Date: Thu, 19 Jan 2006 08:02:08 -0500 From: Randy Ricchi <rricchi at houghton.k12.mi.us> Subject: Low attenuating yeasts As a post-script to my last message, have you ever noticed that usually, if a yeast is listed as being highly flocculant, it also is listed as being less attenuative? The bulk of the yeast floc's out before all the fermentables are fermented, leaving a high terminal gravity. The yeast isn't done, though. The fewer cells that are still remaining in suspension are still chugging along, doing there thing. (Just a layman's interpretation of what's happening) Return to table of contents
Date: Thu, 19 Jan 2006 14:15:32 +0000 From: "A.J deLange" <ajdel at cox.net> Subject: Water Two water questions in the last number. 1. WRT Chlorine 1.97 ppm Chloride 10 ppm Sulfate 23 ppm Alkalinity (CaCO3) 59 ppm Calcium 14 ppm Hardness (CaCO3) 62 ppm Magnesium 5.4 ppm Potassium 1.0 ppm Sodium 12 ppm Total Dissolved Solids 101 ppm pH 8.8 The question was how to calculate CO3-- concentration from this. Normally it is sufficient to assume that there is no CO3-- and that is the case (<1%) if pH < 8.3 but there pH is a bit higher. So one procedes as follows: 1. Compute r1 = 10^(pH - 6.38) = 263.03 2. Compute r2 = 10^(pH - 10.35) = .0282 3. Compute d = 1 + r1 + r1*r2 = 271.45 4. Compute f1 = 1/d = .003684 5. Compute f2 = r1*f1 = .969 6. Compute f3 = r2*f2 = .0274 These last three numbers tell you that of all species containing carbo (CO3) in the water .37% are carbonic, 96.9% are bicarbonate and 2.74% are carbonate. When alkalinity is measured the amount of acid consumed is equivalent to the amount of carbonic formed in titrating the sample to pH 4.3 at which f1 has value 99.175% so if C is the total carbo in the solution this is C*(.99175 - f1) to which must be added the amount of carbonate destroyed (converted to bicarbonate) which is C*(.0274 - 0) because at pH 4.3 there is virtually no carbonate left (f3 = 1E-8). Alkalinity expressed as CaCO3 must be converted to milliequivalents per liter by dividing by 50 giving 50/59 = 1.18 so solving for C we get C = 1.18/[(.99175 - .003684) + .0274)] = 1.162 millimoles.liter total carbo. Of this 2.74% is carbonate which is .0318 millimoles which, as carbonate has a double charge is .0636 milliequvalents which times 50 gives 3.18 ppm as CaCO3. As the molecular weight of carbonate is 60 the concentration is 60*.0318 = 1.91 mg/L as the ion. Thus even at pH 8.8 the carbonate is small and a minor contributor to alkalinity. Of more significance is the residual alkalinity: RA = alk - (Ca_hardness + Mg_hardness/2) = 59 - [ 14/20*50 + 5.4/12.15*50/2]/3.5 = 45 which puts it close to the boundary at which you may or may not have to worry about it. For Burton ales with this water add some gypsum (to lower mash pH and give the Burton hops qualities). For London style ales use some dark malt. 2. Second question: why does water pH rise when it is boiled and what should be done about it? The pH rises because boiling drives off CO2 which, in solution, is carbonic acid which lowers pH. If you leave the water alone for some time (and it may be appreciable) CO2 from the air will dissolve in it and the pH will head back to a lower value. But when you heat this water for mash you'll drive some of that CO2 out and the pH will head back up. But this is OK as by the initial boiling should have dropped some precipitate thus reducing the alkalinity and the mash reaction will be able to overcome it. A.J. Return to table of contents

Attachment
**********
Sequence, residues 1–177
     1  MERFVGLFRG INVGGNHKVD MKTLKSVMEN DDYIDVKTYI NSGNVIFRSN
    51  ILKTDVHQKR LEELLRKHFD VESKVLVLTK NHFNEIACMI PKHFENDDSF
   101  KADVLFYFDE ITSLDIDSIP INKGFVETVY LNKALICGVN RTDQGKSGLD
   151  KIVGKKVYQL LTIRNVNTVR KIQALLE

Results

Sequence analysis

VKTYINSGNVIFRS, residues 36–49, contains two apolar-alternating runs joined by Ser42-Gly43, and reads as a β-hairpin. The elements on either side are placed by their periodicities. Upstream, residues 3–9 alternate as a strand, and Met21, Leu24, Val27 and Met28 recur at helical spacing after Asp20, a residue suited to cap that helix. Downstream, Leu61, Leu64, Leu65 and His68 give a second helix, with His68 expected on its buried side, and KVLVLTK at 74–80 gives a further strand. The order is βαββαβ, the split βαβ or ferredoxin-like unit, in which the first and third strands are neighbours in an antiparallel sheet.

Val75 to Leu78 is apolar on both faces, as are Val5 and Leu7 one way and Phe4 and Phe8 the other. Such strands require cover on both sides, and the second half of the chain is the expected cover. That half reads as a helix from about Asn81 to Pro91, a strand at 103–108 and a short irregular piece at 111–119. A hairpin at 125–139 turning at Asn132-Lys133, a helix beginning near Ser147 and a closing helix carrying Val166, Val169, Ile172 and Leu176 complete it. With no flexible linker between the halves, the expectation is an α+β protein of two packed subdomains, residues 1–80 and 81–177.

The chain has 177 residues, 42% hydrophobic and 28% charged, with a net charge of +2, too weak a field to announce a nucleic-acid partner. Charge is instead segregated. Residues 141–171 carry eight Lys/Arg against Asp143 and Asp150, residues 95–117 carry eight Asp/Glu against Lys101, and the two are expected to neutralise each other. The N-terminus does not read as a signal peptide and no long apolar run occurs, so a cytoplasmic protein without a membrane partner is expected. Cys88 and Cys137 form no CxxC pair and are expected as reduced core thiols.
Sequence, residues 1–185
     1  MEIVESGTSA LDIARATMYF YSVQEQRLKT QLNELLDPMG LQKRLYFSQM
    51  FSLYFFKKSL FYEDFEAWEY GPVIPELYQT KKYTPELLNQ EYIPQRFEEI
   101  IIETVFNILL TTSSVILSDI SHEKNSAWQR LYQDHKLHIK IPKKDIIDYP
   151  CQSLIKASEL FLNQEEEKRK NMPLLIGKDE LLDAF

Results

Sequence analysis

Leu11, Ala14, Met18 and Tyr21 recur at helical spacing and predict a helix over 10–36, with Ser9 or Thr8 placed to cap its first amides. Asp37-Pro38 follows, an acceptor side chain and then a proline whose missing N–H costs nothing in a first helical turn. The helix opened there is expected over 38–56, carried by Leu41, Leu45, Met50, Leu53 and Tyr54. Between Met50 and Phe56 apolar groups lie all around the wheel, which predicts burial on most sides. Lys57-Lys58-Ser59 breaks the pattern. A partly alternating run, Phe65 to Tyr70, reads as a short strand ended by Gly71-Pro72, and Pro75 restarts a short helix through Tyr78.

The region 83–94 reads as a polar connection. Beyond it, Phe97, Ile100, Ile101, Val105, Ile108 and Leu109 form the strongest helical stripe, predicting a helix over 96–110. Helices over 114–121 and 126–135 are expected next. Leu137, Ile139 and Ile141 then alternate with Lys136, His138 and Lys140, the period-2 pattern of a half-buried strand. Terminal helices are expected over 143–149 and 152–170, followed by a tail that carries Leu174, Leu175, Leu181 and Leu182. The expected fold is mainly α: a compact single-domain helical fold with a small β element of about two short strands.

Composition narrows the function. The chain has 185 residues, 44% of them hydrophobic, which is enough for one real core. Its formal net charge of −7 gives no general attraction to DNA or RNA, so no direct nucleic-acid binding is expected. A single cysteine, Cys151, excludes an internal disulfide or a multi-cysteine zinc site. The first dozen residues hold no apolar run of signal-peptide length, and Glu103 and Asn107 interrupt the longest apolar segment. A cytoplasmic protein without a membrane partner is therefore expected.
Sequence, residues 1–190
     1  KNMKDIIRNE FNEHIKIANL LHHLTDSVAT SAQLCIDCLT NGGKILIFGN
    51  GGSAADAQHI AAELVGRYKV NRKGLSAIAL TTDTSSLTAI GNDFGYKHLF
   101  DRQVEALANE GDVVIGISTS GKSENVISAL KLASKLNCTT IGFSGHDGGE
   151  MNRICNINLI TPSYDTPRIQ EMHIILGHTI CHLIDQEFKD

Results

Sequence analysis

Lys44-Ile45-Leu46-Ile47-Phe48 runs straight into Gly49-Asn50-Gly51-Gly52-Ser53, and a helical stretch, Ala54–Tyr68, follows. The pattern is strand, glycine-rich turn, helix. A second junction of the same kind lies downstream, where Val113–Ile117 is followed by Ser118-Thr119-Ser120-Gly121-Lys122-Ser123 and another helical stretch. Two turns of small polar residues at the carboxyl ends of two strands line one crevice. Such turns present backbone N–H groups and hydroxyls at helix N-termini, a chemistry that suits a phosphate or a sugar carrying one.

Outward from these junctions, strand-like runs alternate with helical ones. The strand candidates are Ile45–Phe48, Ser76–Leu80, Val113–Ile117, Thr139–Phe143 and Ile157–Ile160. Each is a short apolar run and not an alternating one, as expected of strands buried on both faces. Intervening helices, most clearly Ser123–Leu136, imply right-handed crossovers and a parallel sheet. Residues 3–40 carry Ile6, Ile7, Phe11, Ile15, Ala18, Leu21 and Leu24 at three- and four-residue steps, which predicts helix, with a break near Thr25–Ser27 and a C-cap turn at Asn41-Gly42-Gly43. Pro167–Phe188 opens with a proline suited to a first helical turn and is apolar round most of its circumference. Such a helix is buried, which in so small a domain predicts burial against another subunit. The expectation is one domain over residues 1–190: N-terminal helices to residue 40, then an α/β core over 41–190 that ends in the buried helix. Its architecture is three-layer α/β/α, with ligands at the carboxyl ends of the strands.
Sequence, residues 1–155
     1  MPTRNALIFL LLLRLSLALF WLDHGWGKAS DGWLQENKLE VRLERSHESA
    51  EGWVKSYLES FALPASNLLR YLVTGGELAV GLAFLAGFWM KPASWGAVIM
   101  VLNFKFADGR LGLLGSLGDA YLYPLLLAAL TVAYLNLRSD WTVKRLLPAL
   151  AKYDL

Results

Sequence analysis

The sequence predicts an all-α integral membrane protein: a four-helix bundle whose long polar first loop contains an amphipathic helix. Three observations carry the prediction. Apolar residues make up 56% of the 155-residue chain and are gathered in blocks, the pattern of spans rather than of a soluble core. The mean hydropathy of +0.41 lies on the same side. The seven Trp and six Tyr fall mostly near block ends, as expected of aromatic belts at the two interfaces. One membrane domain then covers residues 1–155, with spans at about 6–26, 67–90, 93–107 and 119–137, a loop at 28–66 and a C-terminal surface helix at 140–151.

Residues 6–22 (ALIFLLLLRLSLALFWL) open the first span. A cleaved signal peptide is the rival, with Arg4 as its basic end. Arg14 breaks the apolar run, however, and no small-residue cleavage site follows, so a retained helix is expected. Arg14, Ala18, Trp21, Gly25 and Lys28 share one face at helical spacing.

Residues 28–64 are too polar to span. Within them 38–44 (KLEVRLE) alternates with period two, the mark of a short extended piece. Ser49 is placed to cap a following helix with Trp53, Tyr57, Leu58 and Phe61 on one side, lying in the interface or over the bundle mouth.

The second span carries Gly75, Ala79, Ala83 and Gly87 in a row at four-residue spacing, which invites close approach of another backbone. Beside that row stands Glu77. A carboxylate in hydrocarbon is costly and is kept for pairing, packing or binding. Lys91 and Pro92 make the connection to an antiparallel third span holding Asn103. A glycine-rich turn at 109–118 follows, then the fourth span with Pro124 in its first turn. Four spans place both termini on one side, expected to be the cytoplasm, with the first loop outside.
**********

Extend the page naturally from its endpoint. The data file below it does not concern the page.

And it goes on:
Date: Thu, 19 Jan 2006 08:41:56 -0600 From: "Thomas T. Veldhouse" <veldy at veldy.net> Subject: Re: lager yeast starters John, 1. It depends upon your vessel whether you see activity. It also depends upon the size of the starter, the amount of yeast and the temperature. If it is warm, or the yeast added is large, then it may ferment VERY quickly. The best thing to do is to look for the increased yeast count. I often do not see krausen in my starters (the longer you boil them, the more likely to see krausen). 2. I usually make my starters three days in advance for ales, and five days for lagers. The reason I give it longer for lagers is that I usually make my starter in a one gallon jug, which takes a little longer to ferment out. 3. I make my starters at room temperature. I don't care what the starter tastes like, as I am trying to grow yeast and not make beer. It doesn't harm or mutate the yeast. I cool the yeast down to pitching temp on brew day (usually about 50F) 4. The starter usually starts fermenting noticibly in a couple of hours, if you know what to look for. Don't worry about seeing the fermentation, worry about how much flocculated yeast you have when it is finished. You really want MORE yeast. As far as the rest of your message goes, I think you are likely way over analyzing it. Try making the yeast starter at room temp. Just wait for it to attenuate and fall out. Drop the starter to lager fermentation temps. Decant off the spent wort (foul beer) and use the remaining slurry. I don't believe it requires a lot of analysis and worry beyond that. Relax and have a homebrew. Return to table of contents